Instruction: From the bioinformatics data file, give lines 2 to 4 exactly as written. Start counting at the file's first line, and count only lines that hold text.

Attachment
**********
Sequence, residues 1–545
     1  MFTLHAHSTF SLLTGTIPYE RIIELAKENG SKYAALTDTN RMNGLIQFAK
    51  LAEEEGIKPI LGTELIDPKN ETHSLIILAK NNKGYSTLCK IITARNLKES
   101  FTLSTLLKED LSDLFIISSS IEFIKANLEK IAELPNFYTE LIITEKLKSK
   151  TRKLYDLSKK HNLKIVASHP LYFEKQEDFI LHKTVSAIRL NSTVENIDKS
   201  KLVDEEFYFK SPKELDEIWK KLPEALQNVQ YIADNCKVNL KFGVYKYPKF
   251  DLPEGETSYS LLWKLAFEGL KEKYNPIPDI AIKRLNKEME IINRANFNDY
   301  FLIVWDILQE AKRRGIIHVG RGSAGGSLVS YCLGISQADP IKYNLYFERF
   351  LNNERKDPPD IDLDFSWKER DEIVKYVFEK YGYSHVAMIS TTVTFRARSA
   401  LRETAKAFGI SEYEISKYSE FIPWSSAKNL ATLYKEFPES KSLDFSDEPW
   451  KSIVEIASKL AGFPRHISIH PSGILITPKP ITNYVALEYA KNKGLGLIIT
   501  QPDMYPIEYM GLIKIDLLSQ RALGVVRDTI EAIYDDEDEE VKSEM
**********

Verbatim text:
     1  MFTLHAHSTF SLLTGTIPYE RIIELAKENG SKYAALTDTN RMNGLIQFAK
    51  LAEEEGIKPI LGTELIDPKN ETHSLIILAK NNKGYSTLCK IITARNLKES
   101  FTLSTLLKED LSDLFIISSS IEFIKANLEK IAELPNFYTE LIITEKLKSK